Today's light-emitting diode light bulbs have a slight environmental edge over compact fluorescent lamps. And that gap is expected to grow significantly as technology and manufacturing methods improve in the next five years, according to a new report from Pacific Northwest National Laboratory and U.K.-based N14 Energy Ltd.
Researchers at Rice University and from Belgium have developed a way to make flexible components for rechargeable lithium-ion batteries from discarded silicon. The researchers created forests of nanowires from high-value but hard-to-recycle silicon. Silicon absorbs 10 time more lithium than the carbon commonly used in lithium-ion batteries.
Spinach power has just gotten a big boost. An interdisciplinary team of researchers at Vanderbilt University have developed a way to combine the photosynthetic protein that converts light into electrochemical energy in spinach with silicon, the material used in solar cells, in a fashion that produces substantially more electrical current than has been reported by previous "biohybrid" solar cells.
Researchers at NIST's Physical Measurement Laboratory have devised a novel source of portable sunlight that may fill an urgent need in renewable energy research—namely, light sources that generate a near-perfect solar spectrum to be used in testing the performance and efficiency of photovoltaic materials.
Scientists and engineers are working to find a way to power the planet using solar-powered fuel cells. Such green systems would split water during daylight hours, generating hydrogen that could then be stored and used later to produce water and electricity. But robust catalysts are needed to drive the water-splitting reaction. Chemists at Caltech have determined the dominant mechanism for cobalt catalysts, a cheaper alternative to platinum catalysts.
Solar panels, like those commonly perched atop house roofs or in sun-drenched fields, quietly harvesting the sun's radiant energy, are one of the standard-bearers of the green energy movement. But could they be better—more efficient, durable, and affordable? That's what engineers from Drexel University and the University of Pennsylvania are trying to find out, with the aid of a little nanotechnology and a lot of mathematical modeling.
Since 2007, researchers at the BioEnergy Science Center have partnered to figure out how to break down plants so that they easily release the simple sugars that can be processed into biofuels. It's a breakthrough that could make biofuels cost competitive with gasoline. Now, University of Georgia researchers who are part of the team have taken an important step toward that goal by identifying a previously uncharacterized gene that plays a major role in cell wall development of Arabidopsis plants.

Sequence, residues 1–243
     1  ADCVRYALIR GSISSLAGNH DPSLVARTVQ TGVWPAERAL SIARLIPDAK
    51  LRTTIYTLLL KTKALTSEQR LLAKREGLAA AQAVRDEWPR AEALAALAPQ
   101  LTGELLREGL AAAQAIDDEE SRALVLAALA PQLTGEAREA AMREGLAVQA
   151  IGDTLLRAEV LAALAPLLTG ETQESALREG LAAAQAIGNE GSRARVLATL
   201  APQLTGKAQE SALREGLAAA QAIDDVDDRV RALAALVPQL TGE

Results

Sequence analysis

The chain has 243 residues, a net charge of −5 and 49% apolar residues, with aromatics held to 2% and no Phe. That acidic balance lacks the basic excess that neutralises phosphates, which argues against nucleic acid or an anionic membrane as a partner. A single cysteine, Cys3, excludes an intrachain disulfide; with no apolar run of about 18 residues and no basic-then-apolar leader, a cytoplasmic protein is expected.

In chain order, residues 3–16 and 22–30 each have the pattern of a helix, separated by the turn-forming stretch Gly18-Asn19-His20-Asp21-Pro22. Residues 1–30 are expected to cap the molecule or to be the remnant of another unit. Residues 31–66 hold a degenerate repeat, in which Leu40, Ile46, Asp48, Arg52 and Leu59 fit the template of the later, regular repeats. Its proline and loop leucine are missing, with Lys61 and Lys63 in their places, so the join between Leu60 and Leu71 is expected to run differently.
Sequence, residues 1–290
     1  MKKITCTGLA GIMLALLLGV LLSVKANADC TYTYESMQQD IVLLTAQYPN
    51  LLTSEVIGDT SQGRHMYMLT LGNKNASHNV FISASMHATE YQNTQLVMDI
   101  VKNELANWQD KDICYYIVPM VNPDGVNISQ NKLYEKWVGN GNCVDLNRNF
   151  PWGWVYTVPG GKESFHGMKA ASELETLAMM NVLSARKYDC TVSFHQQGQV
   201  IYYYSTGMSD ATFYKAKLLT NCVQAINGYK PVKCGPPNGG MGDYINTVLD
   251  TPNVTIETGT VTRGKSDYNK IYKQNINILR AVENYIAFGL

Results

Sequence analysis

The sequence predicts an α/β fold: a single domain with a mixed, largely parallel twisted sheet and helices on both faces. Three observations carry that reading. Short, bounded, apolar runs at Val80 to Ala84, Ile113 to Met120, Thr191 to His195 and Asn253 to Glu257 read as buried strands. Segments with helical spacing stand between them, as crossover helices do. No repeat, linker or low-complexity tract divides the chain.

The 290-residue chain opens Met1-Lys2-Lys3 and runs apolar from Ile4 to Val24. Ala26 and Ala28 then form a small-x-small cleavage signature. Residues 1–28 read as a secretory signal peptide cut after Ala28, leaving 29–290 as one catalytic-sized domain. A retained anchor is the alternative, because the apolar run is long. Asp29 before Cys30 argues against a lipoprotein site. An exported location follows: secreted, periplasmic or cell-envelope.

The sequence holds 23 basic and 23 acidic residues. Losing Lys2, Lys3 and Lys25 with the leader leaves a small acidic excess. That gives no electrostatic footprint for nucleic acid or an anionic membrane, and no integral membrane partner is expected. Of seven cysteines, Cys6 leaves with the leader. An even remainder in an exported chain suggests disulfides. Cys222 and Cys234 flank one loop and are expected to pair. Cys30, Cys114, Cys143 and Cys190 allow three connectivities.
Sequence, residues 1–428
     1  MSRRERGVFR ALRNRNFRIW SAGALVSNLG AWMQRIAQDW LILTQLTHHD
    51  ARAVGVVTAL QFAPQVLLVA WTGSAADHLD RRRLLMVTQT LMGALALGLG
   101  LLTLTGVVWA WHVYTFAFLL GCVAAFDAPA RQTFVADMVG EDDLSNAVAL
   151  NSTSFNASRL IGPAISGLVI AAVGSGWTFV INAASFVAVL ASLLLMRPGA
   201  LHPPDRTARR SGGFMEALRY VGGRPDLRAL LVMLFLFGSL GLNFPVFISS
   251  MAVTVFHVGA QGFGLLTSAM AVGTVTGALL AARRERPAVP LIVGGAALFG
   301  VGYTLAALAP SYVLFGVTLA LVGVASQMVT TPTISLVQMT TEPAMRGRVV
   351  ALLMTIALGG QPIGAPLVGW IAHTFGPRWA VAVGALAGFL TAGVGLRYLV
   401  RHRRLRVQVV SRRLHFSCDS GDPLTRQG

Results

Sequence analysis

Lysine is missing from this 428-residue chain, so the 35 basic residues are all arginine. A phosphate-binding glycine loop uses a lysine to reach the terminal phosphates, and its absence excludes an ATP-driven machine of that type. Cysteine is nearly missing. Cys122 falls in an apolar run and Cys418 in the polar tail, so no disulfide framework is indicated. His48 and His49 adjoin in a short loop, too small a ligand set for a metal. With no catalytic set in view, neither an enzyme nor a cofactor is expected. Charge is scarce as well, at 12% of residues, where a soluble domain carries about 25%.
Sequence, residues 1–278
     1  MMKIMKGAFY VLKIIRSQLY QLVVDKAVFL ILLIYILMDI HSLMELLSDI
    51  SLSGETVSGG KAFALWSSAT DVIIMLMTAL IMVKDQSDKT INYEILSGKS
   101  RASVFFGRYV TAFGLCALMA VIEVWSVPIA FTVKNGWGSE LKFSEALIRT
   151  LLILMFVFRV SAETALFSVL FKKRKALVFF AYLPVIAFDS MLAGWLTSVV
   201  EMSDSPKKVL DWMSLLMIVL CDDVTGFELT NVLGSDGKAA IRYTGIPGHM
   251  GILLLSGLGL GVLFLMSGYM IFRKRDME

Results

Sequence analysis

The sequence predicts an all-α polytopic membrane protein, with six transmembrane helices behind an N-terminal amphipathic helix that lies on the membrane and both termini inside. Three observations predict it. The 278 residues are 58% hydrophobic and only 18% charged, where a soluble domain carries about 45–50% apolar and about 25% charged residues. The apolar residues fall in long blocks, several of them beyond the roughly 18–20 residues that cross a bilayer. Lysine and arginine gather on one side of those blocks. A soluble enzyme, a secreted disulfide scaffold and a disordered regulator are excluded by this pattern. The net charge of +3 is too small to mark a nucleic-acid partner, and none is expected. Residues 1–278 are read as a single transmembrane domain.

Most Americans don't have to think much about energy reliability. We plug in a computer and it powers up; we flip a switch and the lights come on. While very reliable today. the U.S. electricity grid is old and has gone at least five decades without a significant technological upgrade. The National Renewable Energy Laboratory is working with industry on one solution to help maintain a secure, reliable flow of energy: microgrids.
During the next four years, research teams who have been the recipients of 15 innovation grants totalling $30 million from the National Science Foundation will pursue transformative, fundamental research in three emerging areas: flexible electronic systems that can interface with the body; self-folding materials and structures; and large-scale chemical production from photosynthesis.
The same type of microwave oven technology that most people use to heat up leftover food has found an important application in the solar energy industry, providing a new way to make thin-film photovoltaic products with less energy. Engineers at Oregon State University have, for the first time, developed a way to use microwave heating in the synthesis of copper zinc tin sulfide, a promising solar cell compound.
Scientists at the University of Cambridge have produced hydrogen, a renewable energy source, from water using an inexpensive catalyst under industrially relevant conditions—using pH neutral water, surrounded by atmospheric oxygen, and at room temperature.
As the world's energy demands increase, Yale University researchers are examining alternative and sustainable power generation techniques. The researchers have published extensively on using engineered osmosis to address the growing demand for energy, and a recent paper in Nature examines three water-based methods for electricity generation and the challenges that must be met before they can be used for widespread application.
Knowing the position of missing oxygen atoms could be the key to cheaper solid oxide fuel cells with longer lifetimes. New microscopy research from Oak Ridge National Laboratory is enabling scientists to map these vacancies at an atomic scale.